Spencer to Gain 100 New Housing Units

Posted on: February 15, 2020

SPENCER, Iowa — After a long dry-spell for construction of new apartments in Spencer, the city should see 100 new units by mid-summer,

Spencer-based Community Housing, Inc. (CHI) already has 30 new two, three and four-bedroom, income-dependent units partially leased at Southern Pointe, with only landscaping remaining to complete the $4.7 million project. Steve Boote’s Sioux Falls-based Eagle Construction Co. plans to have its $9 million, three story, 70-unit Windcrest Apartments available for market rate leasing.

As Spencer Planning & Zoning director Kirby Schmidt explained recently, he has worked for the city for 25 years. “And Windcrest is the first market-rate apartment I’ve issued a permit for. All the others were either income subsidized, tax credit, or senior housing projects. The last market-rate apartment building was Oak Crete,” a three-story complex with one and two-bedroom units across from East Leach Park on East 4th St. “Oak Crete was built in the early ’90s. That’s a long gap.”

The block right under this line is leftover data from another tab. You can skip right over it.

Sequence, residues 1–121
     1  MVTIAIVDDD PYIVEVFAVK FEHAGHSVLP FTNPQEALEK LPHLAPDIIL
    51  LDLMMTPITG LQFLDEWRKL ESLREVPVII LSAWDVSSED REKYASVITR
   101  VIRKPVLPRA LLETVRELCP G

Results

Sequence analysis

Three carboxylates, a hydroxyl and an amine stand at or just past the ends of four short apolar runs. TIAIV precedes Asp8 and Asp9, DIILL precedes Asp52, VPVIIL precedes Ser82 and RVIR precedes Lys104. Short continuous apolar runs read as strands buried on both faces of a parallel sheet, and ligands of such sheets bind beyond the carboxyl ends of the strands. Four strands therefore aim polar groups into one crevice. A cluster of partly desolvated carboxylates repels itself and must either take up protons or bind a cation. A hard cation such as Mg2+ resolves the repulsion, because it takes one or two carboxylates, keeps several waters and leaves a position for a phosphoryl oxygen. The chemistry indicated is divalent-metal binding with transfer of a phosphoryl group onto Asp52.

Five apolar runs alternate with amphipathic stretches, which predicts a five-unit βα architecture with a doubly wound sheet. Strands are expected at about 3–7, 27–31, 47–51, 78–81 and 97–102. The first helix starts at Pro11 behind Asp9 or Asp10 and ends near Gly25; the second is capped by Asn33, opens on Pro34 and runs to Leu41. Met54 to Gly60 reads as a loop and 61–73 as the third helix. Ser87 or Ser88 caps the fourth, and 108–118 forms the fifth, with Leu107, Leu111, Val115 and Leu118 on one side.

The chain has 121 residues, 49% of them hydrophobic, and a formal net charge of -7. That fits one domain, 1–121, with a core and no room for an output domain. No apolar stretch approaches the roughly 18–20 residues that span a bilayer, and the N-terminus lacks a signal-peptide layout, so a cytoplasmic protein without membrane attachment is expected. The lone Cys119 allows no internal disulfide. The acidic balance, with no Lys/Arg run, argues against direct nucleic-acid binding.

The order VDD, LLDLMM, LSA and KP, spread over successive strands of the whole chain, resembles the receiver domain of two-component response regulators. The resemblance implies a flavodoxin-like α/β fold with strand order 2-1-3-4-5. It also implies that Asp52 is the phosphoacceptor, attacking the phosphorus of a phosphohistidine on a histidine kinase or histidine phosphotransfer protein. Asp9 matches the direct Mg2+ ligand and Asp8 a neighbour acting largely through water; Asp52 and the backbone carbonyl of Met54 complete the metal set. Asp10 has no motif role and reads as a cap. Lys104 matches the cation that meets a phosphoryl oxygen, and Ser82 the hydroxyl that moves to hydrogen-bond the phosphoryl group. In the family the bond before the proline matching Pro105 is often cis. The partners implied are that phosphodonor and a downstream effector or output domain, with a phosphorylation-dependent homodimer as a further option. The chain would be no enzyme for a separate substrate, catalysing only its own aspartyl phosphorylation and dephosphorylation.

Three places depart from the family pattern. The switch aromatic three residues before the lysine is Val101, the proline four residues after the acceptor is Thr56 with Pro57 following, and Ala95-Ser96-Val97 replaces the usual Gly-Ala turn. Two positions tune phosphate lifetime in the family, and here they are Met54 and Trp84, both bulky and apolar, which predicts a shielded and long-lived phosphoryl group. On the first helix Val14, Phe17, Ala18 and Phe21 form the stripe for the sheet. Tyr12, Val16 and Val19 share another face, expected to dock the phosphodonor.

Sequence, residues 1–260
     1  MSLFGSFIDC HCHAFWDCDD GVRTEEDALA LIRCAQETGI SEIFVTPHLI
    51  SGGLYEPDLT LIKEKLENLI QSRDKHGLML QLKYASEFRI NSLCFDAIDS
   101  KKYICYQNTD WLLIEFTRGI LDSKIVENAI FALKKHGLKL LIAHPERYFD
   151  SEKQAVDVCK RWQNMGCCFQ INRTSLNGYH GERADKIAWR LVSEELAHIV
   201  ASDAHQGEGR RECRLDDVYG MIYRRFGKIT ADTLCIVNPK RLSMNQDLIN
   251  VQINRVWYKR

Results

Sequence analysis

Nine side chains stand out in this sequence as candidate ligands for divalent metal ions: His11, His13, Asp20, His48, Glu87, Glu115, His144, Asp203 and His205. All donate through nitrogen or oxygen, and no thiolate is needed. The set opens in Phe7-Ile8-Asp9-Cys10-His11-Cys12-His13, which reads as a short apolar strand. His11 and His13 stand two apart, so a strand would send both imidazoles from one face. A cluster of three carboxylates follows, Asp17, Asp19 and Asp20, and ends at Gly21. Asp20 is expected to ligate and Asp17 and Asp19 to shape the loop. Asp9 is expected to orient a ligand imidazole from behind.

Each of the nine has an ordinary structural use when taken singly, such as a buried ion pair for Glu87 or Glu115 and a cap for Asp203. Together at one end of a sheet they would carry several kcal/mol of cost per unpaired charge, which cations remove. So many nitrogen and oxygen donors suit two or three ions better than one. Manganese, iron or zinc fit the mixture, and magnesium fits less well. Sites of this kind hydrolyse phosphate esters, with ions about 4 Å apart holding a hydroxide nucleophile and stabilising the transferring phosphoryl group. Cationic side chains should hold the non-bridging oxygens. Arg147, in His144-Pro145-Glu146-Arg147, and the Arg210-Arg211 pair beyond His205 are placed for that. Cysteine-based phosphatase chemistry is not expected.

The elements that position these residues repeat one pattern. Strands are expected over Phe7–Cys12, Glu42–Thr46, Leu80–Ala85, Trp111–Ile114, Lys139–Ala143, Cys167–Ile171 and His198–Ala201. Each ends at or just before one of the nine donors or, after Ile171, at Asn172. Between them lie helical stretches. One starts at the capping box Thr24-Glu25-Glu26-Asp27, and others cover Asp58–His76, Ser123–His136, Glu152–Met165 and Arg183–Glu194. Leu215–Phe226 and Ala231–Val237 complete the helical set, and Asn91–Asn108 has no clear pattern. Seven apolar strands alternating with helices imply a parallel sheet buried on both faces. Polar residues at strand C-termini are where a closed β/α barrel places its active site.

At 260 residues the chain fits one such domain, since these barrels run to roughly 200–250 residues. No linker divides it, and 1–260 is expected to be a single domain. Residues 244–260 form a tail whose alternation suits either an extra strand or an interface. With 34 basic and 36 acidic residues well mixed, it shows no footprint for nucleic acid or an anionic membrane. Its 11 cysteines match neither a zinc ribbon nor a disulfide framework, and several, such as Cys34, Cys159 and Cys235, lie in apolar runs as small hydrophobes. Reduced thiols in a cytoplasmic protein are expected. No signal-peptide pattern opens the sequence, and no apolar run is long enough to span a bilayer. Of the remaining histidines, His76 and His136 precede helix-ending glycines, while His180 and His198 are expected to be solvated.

Both Southern Pointe and Windcrest are located in the southwest corner of the city. And both experienced unexpectedly slow construction during the winter, due to early snowfall and frost.


CHI leasing agent Brittany Spieker says CHI is filling a need in the low-to-moderate income area with all-electric three and four-bedroom units and four-bedroom townhomes. Rent on a three bedroom unit ranges from $520 per month, to $560, with a limited number of $620, market rate units.

The three-bedroom, two-story townhomes are the most popular, Spieker said. “But it all depends on the family dynamic. The older applicants really like the three-bedroom units because there are no stairs.”